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Overview of Sites of Lesion
Terms in this set (28)
What does the site of lesion mean
SITE = LOCATION
LESION = PROBLEM
Conductive Hearing Loss - what does it block and the location?
a loss of hearing sensitivity caused by blockage of sound before sound gets into the middle ear
location: ear canal or middle ear
What are the conductive loss examples?
> Wax Blockage
> Fluid in the middle ear
> Break in the ossicular chain
> Tumor in the middle ear
What are the conductive loss symptoms?
> Sound is too soft
> Loss is generally worse in the low frequencies
> May experience the occlusion effect
> Sometimes hear better in loud, noisy situations
> Medically treatable
> If treatment is not an option, the patient will do well with an HA
Treatment of Perforation
Most patients with an traumatic tympanic membrane perforation do not require any specific treatment - excellent chance of healing spontaneously
especially true for central perforation
strict dry ear precautions are best followed to prevent water from getting into the ear.
Patients with TM perforation due to repeated ear infections are a different story
> underlying problem (eustachian tube dysfunction)
> will probably not heal spontaneously
What are the surgery options for non healing perforations?
Paper patch: myringoplasty
Formal (skin): tympanoplasty
What are the evidence of prior perforations?
> scaring where the perforation spontaneously healed
> white patch on the TM
> "False" TM
> Incomplete healing - missing the middle, fibrous layer
What is the definition of cochlear hearing loss?
A loss of hearing sensitivity due to damage to the inner ear. A nerve impulse is not generated due to the loss
Where is the location of cochlear hearing loss?
What are the examples of the cochlear hearing loss?
Damage to hair cells
> Noise Exposure
What are the symptoms and Facts about Cochlear Loss
> It is usually BILATERAL
> It affects high frequency hearing first
- constant sounds are high pitch and often give meaning to words
- vowels are low pitch
> so the person can HEAR, BUT NOT UNDERSTAND
> Difficulty hearing in noise
> Dizziness is rarely present (the exception is MENIERE'S DISEASE)
> Medical treatment is not an option
Cochlear loss is not just a loss of audibility of all sounds, how does speech perceive?
> Speech may sound muffled
> Speech is not always easier to hear if it is louder
> The damage to the cochlea may cause distortion
Recruitment is a hallmark of cochlear loss.
What is recruitment?
Its the abnormal growth of loudness.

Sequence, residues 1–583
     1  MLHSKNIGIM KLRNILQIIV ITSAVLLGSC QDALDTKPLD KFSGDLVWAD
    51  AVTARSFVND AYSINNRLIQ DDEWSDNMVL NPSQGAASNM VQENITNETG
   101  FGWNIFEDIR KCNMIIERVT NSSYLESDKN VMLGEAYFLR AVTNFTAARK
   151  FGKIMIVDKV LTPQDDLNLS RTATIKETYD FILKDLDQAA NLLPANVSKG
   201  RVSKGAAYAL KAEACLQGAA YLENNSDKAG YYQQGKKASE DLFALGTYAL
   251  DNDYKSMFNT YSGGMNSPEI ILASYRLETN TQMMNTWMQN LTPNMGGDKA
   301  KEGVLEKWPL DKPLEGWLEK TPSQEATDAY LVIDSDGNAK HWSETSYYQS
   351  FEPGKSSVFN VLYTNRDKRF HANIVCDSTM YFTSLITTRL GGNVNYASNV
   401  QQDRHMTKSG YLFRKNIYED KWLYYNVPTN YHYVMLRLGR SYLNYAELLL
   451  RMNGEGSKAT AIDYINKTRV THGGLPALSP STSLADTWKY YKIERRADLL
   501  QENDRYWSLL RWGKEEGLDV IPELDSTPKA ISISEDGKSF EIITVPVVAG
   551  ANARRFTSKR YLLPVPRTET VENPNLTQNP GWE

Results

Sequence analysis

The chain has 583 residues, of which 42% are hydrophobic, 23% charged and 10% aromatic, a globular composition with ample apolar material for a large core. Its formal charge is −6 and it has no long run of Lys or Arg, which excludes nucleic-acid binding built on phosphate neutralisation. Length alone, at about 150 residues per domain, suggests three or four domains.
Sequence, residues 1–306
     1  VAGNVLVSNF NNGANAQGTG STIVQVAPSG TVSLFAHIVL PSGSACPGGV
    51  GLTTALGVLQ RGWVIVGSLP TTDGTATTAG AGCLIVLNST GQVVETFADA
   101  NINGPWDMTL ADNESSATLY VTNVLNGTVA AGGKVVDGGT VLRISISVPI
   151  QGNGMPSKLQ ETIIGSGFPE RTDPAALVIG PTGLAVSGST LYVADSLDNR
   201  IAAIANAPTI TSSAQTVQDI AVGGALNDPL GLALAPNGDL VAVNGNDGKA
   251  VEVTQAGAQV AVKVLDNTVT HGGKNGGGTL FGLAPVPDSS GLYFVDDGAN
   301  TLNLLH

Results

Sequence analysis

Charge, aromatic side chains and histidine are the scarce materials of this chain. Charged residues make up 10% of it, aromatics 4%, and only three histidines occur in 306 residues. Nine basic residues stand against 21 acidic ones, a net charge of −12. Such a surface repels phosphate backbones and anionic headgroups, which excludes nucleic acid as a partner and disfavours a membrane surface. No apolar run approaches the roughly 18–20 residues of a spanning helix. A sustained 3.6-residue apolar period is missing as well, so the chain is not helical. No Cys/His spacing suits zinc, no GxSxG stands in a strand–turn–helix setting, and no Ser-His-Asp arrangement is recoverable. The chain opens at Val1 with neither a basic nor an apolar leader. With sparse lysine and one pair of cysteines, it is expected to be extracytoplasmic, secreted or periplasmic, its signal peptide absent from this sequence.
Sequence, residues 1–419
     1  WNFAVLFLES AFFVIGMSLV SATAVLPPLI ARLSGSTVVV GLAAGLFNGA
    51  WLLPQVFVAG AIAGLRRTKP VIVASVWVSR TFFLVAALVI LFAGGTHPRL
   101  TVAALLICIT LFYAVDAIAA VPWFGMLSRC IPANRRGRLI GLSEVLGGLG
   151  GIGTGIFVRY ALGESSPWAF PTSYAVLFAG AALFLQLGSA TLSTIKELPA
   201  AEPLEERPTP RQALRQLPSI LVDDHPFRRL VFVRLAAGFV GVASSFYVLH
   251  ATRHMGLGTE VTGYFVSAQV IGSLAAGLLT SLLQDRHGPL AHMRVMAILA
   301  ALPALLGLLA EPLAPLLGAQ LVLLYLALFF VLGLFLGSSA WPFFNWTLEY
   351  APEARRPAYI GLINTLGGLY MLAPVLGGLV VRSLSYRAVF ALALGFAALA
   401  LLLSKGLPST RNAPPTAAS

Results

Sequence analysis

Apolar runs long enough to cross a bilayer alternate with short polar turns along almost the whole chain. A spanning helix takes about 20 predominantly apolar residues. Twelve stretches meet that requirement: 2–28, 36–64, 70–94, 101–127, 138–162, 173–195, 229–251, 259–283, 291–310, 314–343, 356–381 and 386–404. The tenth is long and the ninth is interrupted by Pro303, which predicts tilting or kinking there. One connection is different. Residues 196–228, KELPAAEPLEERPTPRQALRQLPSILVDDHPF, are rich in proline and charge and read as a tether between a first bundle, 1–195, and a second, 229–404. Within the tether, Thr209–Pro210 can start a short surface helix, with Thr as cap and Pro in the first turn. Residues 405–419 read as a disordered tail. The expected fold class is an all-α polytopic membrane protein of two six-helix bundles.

> soft sounds are not heard but loud sounds are heard as
Dynamic Range (usable hearing) shrinks
Several audiological tests look at recruitment
How are cochlear losses treated with?
> the degree of success with hearing aids varies between
> size and internal circuitry may need to be different for different users
Definition of Retrocochlear Loss
Hearing difficulty caused by damaged to the retrocochlear structures
What are the examples of Retrocochlear loss occurring?
> Tumors on the VIII nerve
> Car accident causes brainstem trauma
> Diseases such as MS
What are the symptoms of retrocochlear "involvement"?
> Often the person has both cochlear and retrocochlear damage
> e.g. a tumor is cutting off blood supply to the ear and
damaging the VIIIth nerve
> Usually UNILATERAL
> The loss may be mild to severe
> Sound is distorted or unclear
What are the two things that are common in Retrocochlear loss
> Dizziness (as the vestibular branch of VIIIth nerve may be involved -- VIII nerve tumors)
Will retrocochlear loss have a recruitment?
Will hearing aids be helpful for a patient with retrocochlear loss?
Does the basic testing for Sensorineural Hearing Loss distinguish cochlear from retrocochlear hearing loss? What does the loss is generally referred to?
Which one is bilateral and which is unilateral?
Cochlear is bilateral
Retrocochlear is unilateral
Where is hearing difficulty due to damage for sensorineural hearing loss?
Sensori - cochlea
Neural - nerve
Hearing difficulty due to damage in the inner ear or beyond
"Cochlear" and "Retrocochlear" problems may be classified as:
What is the definition of mixed hearing loss?
If a hearing loss has a conductive component and a sensorineural component
A loss that is partially conductive and partially sensorineural
Location and examples of mixed hearing loss?
Examples: TM, Ear wax, perforation
Does all of the hearing loss have the same characteristics?
If not, what does the characteristics vary by?
Site of lesion and severity
For each symptoms, describe the probable loss type: (cochlear or retrocochlear)
1. everything sounds distorted
2. Both ears are generally affected
3. The loss is generally unilateral
4. Tinnitus is fairly common
5. Dizziness is fairly common
6. Audiological evaluation shows signs of recruitment
7. The loss is generally worse in the high frequencies
THIS SET IS OFTEN IN FOLDERS WITH...
Overview of AP 1
Otoscopy Normal vs Pathology
Masking Pure Tones And Speech
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